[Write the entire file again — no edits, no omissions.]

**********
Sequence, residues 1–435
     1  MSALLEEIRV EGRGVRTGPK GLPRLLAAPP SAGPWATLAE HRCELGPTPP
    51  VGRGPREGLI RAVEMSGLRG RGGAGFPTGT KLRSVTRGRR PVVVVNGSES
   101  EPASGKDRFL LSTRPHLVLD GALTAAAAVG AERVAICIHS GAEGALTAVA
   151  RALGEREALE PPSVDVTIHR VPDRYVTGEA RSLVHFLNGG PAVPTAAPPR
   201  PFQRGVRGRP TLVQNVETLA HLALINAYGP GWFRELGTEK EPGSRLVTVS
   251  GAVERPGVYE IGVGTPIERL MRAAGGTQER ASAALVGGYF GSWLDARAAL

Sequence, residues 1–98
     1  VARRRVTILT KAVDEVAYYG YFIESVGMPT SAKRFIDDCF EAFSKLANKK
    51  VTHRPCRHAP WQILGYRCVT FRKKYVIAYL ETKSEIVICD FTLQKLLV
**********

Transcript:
Sequence, residues 1–435
     1  MSALLEEIRV EGRGVRTGPK GLPRLLAAPP SAGPWATLAE HRCELGPTPP
    51  VGRGPREGLI RAVEMSGLRG RGGAGFPTGT KLRSVTRGRR PVVVVNGSES
   101  EPASGKDRFL LSTRPHLVLD GALTAAAAVG AERVAICIHS GAEGALTAVA
   151  RALGEREALE PPSVDVTIHR VPDRYVTGEA RSLVHFLNGG PAVPTAAPPR
   201  PFQRGVRGRP TLVQNVETLA HLALINAYGP GWFRELGTEK EPGSRLVTVS
   251  GAVERPGVYE IGVGTPIERL MRAAGGTQER ASAALVGGYF GSWLDARAAL

Sequence, residues 1–98
     1  VARRRVTILT KAVDEVAYYG YFIESVGMPT SAKRFIDDCF EAFSKLANKK
    51  VTHRPCRHAP WQILGYRCVT FRKKYVIAYL ETKSEIVICD FTLQKLLV